And while the living was communal with all its attendant rules and regulations, married couples could still exist in their own Gerogian version of a bedsit, living with dignity, despite having no property to call their own.They were the lucky ones.
The destitute had to fall back on very cold charity: parish relief and the workhouse. The workhouse at Southwell in Nottinghamshire which I have always found to be an almost unbearable place of sorrow, was examined.
Here families were brutally separated and forced to live in a communal way,something that Georgian society found so very distasteful.Husbands were permanently separated from wives and children separated from their parents. The school room of the workhouse,below,with its moralising verses to be learnt by rote…
..had frosted glass in the window panes to prevent the children catching an unauthorised glimpse of their parents,should they be fellow inmates.
This would eventually have been the fate awaiting Miss and Mrs Bates in Emma. Mr Knightley was actuely aware that they were doomed to fall even futher from the genteel life they once knew in the Highbury vicarage, (a life which terminated socially and financially on the death of the Reverend Mr Bates)should their Highbury friends not support them financially. Just as Jane Austen knew of such desperate tales. Poor Miss Benn who lived in abject poverty in poor, rented accommodation Chawton was befriended by her during the years she lived in her Chawton home, a cosy, private, comfortable cottage by comparison, in the company of her mother sister and best friend. No wonder she counted herself lucky to live there on her brother Edward’s graceful charity. And no wonder when the threat of losing that home loomed in her final years, the resulting stress was most likely to have contributed to the cause of her untimely death.
But we ended on a high note……from the unhappy desperate diaries of Gertrude Saville in Episode One,
the unloved unwanted spinster sister living in sufferance in her brother home on his charity…to the end of her tale, when she suddenly and unexpectedly became mistress of all she surveyed and had not only a room but a home of her own…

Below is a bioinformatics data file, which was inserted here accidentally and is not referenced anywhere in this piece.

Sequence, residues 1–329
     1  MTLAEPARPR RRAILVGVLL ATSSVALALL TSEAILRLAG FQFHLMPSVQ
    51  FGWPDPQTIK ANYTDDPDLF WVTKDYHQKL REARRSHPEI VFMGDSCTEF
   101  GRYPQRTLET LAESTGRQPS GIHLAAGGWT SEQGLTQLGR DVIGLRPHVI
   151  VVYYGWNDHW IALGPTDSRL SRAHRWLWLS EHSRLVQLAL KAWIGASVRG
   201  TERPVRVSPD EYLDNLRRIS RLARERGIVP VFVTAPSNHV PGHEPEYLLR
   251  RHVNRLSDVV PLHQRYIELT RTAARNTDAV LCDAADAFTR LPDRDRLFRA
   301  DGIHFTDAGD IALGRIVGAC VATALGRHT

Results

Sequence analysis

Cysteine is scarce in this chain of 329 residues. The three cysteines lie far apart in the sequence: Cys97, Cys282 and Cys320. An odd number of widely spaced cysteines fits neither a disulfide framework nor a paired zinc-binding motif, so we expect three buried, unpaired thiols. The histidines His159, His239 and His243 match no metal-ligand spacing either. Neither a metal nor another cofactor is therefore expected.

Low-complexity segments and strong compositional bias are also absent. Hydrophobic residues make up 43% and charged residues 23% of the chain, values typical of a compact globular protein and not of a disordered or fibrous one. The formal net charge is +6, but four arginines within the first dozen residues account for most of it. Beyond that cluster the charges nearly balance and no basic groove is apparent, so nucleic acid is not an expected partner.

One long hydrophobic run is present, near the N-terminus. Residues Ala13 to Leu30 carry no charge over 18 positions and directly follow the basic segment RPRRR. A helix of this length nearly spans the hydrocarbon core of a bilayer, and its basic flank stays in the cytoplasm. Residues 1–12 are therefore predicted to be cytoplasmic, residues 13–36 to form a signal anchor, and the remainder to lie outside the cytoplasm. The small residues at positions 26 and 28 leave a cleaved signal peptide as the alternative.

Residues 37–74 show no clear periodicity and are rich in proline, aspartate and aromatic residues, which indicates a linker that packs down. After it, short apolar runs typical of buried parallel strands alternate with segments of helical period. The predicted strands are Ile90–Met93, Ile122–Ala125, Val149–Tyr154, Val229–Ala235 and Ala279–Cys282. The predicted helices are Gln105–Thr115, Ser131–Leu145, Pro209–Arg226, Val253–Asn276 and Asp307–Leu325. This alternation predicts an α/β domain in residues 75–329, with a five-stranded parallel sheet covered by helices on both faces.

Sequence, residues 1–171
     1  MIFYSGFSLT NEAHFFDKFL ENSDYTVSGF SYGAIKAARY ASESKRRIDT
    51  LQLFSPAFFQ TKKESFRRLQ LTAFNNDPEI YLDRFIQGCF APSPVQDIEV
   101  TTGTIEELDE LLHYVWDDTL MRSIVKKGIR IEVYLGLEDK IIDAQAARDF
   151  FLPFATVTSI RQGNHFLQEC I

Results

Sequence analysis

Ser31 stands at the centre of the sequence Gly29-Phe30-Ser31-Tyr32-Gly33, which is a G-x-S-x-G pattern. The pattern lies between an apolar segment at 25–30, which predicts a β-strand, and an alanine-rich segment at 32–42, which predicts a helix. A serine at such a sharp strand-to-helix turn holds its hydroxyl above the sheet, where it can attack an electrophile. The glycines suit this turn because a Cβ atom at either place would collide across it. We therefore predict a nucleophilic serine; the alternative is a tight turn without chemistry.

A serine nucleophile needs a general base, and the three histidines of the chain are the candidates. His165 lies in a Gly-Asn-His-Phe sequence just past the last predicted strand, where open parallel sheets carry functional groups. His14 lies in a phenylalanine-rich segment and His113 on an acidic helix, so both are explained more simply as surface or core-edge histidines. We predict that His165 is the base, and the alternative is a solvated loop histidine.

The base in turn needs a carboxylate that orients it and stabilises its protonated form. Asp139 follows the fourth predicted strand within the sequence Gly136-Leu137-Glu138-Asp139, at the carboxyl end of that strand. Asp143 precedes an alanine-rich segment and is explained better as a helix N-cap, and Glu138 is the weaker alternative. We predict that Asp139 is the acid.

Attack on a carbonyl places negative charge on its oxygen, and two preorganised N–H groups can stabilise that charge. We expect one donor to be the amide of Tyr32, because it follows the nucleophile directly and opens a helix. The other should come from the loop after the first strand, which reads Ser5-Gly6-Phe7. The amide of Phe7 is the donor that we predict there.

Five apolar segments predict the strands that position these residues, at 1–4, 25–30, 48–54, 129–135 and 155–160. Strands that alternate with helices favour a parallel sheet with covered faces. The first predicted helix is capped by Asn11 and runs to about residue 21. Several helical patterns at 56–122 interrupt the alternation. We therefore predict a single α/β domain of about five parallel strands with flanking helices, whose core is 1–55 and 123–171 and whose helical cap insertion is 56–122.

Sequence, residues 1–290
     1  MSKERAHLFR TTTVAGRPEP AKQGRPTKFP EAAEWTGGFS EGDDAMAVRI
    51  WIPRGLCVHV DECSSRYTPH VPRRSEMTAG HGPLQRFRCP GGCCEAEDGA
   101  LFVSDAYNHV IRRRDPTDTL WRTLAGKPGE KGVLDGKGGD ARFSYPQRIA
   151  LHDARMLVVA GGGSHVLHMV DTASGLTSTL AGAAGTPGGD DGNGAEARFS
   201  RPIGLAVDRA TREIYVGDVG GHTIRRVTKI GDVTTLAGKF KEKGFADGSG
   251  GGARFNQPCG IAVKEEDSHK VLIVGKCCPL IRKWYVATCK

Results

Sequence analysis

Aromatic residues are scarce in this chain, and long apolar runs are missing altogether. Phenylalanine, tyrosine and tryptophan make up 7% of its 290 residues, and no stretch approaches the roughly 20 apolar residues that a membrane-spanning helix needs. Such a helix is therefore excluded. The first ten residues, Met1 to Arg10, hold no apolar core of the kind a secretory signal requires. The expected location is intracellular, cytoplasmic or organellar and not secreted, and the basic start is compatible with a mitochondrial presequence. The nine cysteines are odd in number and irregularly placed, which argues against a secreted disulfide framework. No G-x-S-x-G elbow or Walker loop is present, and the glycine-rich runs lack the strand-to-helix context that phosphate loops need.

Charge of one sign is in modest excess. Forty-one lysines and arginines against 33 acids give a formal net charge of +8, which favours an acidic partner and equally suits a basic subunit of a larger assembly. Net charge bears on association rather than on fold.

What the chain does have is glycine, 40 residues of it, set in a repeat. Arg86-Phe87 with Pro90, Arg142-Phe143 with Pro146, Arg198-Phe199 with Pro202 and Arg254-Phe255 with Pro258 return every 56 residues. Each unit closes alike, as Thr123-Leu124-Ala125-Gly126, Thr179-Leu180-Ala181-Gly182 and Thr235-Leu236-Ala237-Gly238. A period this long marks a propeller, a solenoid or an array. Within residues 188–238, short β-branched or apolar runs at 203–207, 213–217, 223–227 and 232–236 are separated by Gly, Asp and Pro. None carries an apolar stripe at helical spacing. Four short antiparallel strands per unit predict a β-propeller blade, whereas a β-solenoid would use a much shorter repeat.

This episode ,indeed the whole series, explains and amplifies concepts that were dear to Jane Austen, notably the search for one’s home, a place of one’s own. She saw the lot of women in her era with regard to this very clearly: the powerlessness or not of women in the search for a home of their own is central to many of her stories. For example, Fanny Price’s conflicting emotions between her Portsmouth her Mansfield homes; Jane Fairfax’s terror and bravery when faced with surrendering forever her status as a gentlewoman to become a governess, a servant living on sufferance in someone’s home ;and the deserving Miss Taylor who on marriage finally achieved accesss (and a key) to her own front door. Food for thought.
Professor Vickery has been a knowledgeable, amusing, sensitive and delightful companion though this journey into the Long 18th Century, discussing concepts of home,property and taste, all concepts with which we are now familiar but then were distinctly novel for the newly emerging middling classes.
I have throughly enjoyed watching each instalment of this series and am saddened that there were only three. I do hope it becomes available on DVD soon ,and I do hope that you, my readers from outside the UK will get a chance to view it in way or another ,as soon as possible.